Fraudsters have breathed new life into old shams, taking advantage of the proliferation of retailer gift cards and the anonymity they offer. Unfortunaetly, members might not see the value of a financial institution product until they become victims of the lack of protection available through gift and prepaid cards.
Sweepstakes and lotto scams are popular forms of fraud. They work like this: An individual shows up at your member's door posing as the Publishers Clearing House or another reputable organization and tells your member they won a prize. Of course, there's a catch. To collect said prize, the member must pay the taxes on the prize upfront using retailer gift cards. Your member withdraws money from the nearest credit union ATM, hits a favorite retail store, buys gift cards, and gives the scammers the card validation numbers over the phone.
After that, the line goes dead. The call back number doesn’t work. The reality of what happened sinks in for your member, along with a heavy dose of anger, fear, and embarrassment.
It happened last month to a credit union member in Maryland, who withdrew $8,000 dollars from her account and bought 16 gift cards from a retailer, says NBC 4 Washington. Luckily, the unusual withdrawal caused the credit union to take notice. It called the police, who then froze the balance on some of the cards. The elderly victim admitted she would never have called the police on her own, saying she would have been too embarrassed to admit what happened.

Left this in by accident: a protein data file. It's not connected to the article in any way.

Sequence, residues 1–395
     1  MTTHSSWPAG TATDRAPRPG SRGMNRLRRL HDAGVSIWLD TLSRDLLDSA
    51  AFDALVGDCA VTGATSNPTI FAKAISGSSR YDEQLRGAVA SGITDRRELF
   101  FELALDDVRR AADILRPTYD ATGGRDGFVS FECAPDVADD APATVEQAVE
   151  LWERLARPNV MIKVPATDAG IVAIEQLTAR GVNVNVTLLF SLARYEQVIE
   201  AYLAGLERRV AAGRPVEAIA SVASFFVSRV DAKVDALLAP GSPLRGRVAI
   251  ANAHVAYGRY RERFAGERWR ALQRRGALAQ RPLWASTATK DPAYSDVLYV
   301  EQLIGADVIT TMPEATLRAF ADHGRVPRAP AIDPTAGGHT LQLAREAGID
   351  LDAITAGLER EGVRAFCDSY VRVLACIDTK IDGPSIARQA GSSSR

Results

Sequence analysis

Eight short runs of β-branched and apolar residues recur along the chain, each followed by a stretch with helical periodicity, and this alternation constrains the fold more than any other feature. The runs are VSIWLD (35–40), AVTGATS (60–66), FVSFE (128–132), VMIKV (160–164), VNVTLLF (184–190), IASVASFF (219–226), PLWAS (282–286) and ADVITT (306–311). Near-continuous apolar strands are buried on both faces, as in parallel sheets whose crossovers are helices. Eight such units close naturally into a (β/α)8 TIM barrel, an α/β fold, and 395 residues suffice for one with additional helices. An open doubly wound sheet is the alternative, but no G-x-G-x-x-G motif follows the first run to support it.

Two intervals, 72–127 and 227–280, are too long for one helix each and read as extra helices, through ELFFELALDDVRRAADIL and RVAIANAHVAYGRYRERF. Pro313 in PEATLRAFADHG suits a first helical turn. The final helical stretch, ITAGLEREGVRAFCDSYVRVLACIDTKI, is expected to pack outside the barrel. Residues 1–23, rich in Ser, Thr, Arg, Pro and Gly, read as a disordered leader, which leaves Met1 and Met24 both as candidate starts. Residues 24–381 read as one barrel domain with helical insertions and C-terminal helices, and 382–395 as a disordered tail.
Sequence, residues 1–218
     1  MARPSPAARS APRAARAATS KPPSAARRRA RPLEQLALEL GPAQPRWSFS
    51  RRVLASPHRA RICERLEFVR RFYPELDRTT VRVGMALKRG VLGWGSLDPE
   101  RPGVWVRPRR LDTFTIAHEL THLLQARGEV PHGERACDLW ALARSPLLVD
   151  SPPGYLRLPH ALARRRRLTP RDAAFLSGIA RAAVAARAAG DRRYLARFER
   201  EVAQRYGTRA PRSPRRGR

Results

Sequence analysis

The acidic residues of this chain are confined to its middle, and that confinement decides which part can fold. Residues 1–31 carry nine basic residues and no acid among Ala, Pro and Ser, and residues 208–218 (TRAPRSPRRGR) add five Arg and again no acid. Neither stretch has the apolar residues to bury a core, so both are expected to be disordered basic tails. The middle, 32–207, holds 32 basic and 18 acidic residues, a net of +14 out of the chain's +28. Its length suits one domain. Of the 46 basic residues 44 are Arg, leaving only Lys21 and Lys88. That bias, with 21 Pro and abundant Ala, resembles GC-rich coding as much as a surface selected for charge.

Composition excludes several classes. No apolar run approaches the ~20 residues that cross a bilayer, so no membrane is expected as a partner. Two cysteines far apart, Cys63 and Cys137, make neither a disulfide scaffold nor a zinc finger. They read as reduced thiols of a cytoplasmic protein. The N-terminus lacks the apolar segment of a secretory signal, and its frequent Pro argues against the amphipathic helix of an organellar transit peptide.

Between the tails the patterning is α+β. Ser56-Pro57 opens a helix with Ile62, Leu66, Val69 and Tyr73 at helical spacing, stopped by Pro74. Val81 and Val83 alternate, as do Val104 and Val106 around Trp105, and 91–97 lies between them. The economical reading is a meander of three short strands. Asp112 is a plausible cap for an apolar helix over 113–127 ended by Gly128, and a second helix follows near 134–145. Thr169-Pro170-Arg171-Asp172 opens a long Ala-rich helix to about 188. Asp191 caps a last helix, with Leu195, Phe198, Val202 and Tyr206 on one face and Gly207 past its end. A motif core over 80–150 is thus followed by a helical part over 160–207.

Sweepstake scams are happening in Florida, too. These scams are occurring all over the nation and typically target economically vulnerable demographics.
Other gift card scams take place at the stores themselves. Thieves subtly open packaging, scan the numbers from the magnetic stripes, and use customer service to monitor the numbers for activation. Once the number is active, scammers use the information to make purchases online, beating the card owner to the punch.
Unfortunately, retail environments just aren't as secure as financial instutions. This is one more great reason for prepaid consumers to head to a financial institution and start establishing traditional accounts rather than uisng the services of an alternative provider.
And in light of fraud threats like these, credit unions that offer prepaid cards might want to consider limiting the number of cards memebrs can purchase in one day. Also, make it clear in communications what is and isn’t covered. Step-up education and present safer alternatives and you’ll not only prevent fraud, you’ll earn long-term trust and satisfaction.